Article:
Serving Clients Who Have Experienced Civil Rights Violations: Best Practices and Practical Considerations (12/07/2021)
Representing a client who has experienced civil rights violations can be a daunting challenge, both due to the complexity of the law and the immense emotional and physical trauma of police abuse. This session will provide tips, best practices, and conversation being the best advocate possible for your civil rights clients, with an emphasis on maintaining healthy and supportive client relationships. Featuring attorneys and outreach workers from the Chicago Torture Justice Center and First Defense Legal Aid, this conversation is moderated by Sarah Chowdhury.
Alex Santistevan (she/her), attorney, First Defense Legal Aid Alex Santistevan is the Program Director at First Defense Legal Aid. She has been part of the First Defense community for three and a half years. Her passion lies in access to justice and fairness in marginalized communities. At FDLA, she manages all of the community legal education programs and the volunteers for each program. She trains volunteers to be community educators, works side by side with them to perform door-to-door and street outreach, and facilitates workshops to ensure everyone in the Chicagoland area knows their rights and resources.
Daniel Massoglia (he/him), attorney, First Defense Legal Aid
Daniel Massoglia is the Director of the Civil Rights Clinic at First Defense Legal Aid. FDLA's clinic brings together lawyers, law students, volunteers, clients, and legal workers to prosecute civil rights lawsuits for victims of police abuse who are unable to find private attorneys. The Civil Rights Clinic has secured over $100,000 since its launch in January 2020 representing people whose rights were violated by police departments in the Northern District of Illinois, and maintains an active litigation caseload in state and federal court with the help of pro bono co-counsel. Daniel moved to Chicago in 2011 to attend IIT Chicago-Kent College of Law. He is from North Carolina.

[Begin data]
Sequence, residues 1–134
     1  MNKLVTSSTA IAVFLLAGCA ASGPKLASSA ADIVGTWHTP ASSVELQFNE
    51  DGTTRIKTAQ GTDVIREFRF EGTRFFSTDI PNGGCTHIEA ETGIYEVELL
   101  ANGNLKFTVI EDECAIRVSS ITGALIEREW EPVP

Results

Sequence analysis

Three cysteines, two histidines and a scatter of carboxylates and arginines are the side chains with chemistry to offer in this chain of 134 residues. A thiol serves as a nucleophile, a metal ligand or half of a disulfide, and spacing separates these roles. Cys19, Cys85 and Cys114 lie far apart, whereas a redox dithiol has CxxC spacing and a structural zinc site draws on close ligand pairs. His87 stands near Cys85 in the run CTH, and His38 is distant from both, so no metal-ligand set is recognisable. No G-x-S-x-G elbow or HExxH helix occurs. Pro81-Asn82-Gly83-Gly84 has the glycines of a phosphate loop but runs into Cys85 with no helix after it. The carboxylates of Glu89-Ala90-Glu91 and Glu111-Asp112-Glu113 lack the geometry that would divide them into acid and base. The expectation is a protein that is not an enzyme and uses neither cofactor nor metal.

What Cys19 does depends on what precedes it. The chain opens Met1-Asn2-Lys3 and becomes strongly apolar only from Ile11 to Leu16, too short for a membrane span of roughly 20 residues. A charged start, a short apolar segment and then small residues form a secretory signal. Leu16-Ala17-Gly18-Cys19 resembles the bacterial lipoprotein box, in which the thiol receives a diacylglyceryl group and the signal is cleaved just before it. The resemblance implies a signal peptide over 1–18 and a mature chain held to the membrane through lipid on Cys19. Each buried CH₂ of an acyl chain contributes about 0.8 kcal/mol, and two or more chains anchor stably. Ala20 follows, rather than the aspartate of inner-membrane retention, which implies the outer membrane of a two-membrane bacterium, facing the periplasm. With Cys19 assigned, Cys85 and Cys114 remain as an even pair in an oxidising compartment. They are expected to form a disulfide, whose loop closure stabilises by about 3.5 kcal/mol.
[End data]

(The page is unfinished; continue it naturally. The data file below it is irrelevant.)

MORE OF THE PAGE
Mark Clements, Chicago Torture Justice Center
Mark Clements's treatment by police at the age of 16 years old makes him one of Chicago's youngest torture survivors. In 1981, he was taken to a Chicago police station, the Area Three Violent Crime Unit, and tortured to confess to an arson fire that killed four people. He is one of Illinois' first juvenile lifers. After serving 28 years in prison, he was released in 2009 after his sentence and conviction were vacated. He was hired by the Campaign to End the Death Penalty, where he served in many different capacities over the course of 9 years. He helped to organize around the Troy A. David case in the state of Georgia, and further organized and supports to protect Rodney Reed, a Texas death Row inmate. Today, Mark is employed with the Chicago Torture Justice Center as an organizer around prison issues, torture cases, and calling for reforms within our criminal justice system for the accused. He has been employed with CTJC for the past 3 years.
Moderator: Sarah Chowdhury, attorney, Illinois Office of the Comptroller
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